Epode IV: Landlady and Cleaner (Lupis et agnis) [Wolf & Lamb]
Epode 4 is about a ‘jumped-up arriviste (who is in fact very like Horace himself)’(1)
‘Horace addresses the ex-slave in the first half of the poem. One passer-by speaks to another in the second.’(2) In my version of the poem there are not two speakers, but one and the poem is cast as street-corner gossiping.
In the original Epode ‘…the target of this lampoon has not only been a slave, he had also been a good-for-nothing slave, frequently flogged and chained.’(3) ‘…No doubt Horace’s enemy had amassed enough wealth by a military career not only to buy a prime vineyard in the Falernian country, but also to meet the Knights’ property qualification, but the law seems also to have stipulated that no one who had been born a slave could become an eques.’(4)
In other words, here the speaker of the poem, himself from humble beginnings, but who had improved himself, is objecting to others who have done the same and doesn’t want them to ‘get above their station’ How true is this of us, even now! Very recently a writing colleague of mine, during a conversation we were having about British characteristics said, ‘the worse thing anyone can do to a friend in this country is to be successful’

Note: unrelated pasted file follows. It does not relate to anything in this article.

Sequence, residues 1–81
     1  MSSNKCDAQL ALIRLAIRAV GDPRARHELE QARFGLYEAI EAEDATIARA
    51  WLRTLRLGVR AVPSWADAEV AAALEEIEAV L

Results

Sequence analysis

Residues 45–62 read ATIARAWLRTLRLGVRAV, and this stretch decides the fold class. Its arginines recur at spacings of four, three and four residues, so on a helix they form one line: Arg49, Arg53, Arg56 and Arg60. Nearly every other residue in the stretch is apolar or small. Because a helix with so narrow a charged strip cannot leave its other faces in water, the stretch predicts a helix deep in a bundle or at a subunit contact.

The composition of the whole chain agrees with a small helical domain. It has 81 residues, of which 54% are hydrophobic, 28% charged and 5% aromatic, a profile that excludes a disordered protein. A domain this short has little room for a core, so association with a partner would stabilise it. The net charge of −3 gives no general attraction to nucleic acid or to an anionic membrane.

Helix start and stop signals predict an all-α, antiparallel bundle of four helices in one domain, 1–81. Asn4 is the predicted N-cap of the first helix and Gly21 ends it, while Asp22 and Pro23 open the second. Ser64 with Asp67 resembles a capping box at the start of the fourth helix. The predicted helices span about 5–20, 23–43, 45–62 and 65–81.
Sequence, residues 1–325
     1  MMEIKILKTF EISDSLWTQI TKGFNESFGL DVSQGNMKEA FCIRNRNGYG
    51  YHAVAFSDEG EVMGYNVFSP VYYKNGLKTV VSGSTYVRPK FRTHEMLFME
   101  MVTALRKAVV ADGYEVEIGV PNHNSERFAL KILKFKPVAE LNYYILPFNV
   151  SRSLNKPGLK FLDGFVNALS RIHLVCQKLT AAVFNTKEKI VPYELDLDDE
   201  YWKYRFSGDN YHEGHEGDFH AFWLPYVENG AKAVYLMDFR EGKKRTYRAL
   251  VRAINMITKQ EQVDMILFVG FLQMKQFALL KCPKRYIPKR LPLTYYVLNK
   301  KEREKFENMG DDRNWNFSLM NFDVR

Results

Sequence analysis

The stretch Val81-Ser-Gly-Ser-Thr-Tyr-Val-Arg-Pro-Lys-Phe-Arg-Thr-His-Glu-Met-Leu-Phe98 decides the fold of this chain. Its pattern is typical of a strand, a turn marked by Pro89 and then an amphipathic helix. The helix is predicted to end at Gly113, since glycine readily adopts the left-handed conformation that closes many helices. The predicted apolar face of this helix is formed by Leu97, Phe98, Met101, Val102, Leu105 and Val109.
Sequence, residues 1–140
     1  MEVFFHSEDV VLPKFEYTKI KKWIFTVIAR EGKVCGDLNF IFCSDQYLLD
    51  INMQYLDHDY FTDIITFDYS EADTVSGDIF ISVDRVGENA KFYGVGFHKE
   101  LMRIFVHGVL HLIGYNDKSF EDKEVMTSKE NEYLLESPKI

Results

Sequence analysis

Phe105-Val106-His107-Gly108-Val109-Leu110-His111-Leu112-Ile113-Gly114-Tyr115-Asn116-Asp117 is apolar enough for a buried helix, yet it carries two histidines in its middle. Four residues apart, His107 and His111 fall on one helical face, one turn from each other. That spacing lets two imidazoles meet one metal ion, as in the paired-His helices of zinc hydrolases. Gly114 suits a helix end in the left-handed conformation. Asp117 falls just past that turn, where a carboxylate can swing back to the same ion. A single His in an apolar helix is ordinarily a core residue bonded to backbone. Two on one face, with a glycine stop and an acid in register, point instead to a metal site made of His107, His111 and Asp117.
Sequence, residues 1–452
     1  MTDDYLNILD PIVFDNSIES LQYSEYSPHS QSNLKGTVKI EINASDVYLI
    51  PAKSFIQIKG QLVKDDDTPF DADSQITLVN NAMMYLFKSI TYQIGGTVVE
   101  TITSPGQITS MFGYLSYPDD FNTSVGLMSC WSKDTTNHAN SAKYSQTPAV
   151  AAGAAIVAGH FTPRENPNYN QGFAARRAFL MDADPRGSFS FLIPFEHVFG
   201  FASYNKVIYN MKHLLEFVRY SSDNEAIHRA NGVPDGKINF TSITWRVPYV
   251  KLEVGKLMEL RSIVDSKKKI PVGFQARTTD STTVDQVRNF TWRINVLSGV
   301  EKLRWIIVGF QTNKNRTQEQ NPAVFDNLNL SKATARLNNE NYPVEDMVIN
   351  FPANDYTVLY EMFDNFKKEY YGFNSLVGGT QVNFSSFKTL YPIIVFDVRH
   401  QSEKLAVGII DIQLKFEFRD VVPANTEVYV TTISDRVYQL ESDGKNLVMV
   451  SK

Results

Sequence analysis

As ever, what attracts me to the poetry of Horace and what I try to capture here is his wisdom and insight in relation to human interaction and reaction. In my poem, ‘Landlady and Cleaner’, exactly the same message is contained. Here the speaker in the poem, having seen the Landlady gain wealth and status, begins to resent it. She points out the landlady’s humble background as a cleaner and is really saying, she may have acquired a bit of wealth and status, but she’s still no better than me.
All of these versions of the Epodes need to be taken in context with the whole collection and read as a narrative.(5)
(1)Harrison, Stephen (in personal correspondence)
(2)West, D. (1997) Horace: The Complete Odes and Epodes. Oxford University Press,: Oxford p.133
(5)See Almond, Maureen (2004) The Works, Biscuit Publishing: Washington, Newcastle-upon-Tyne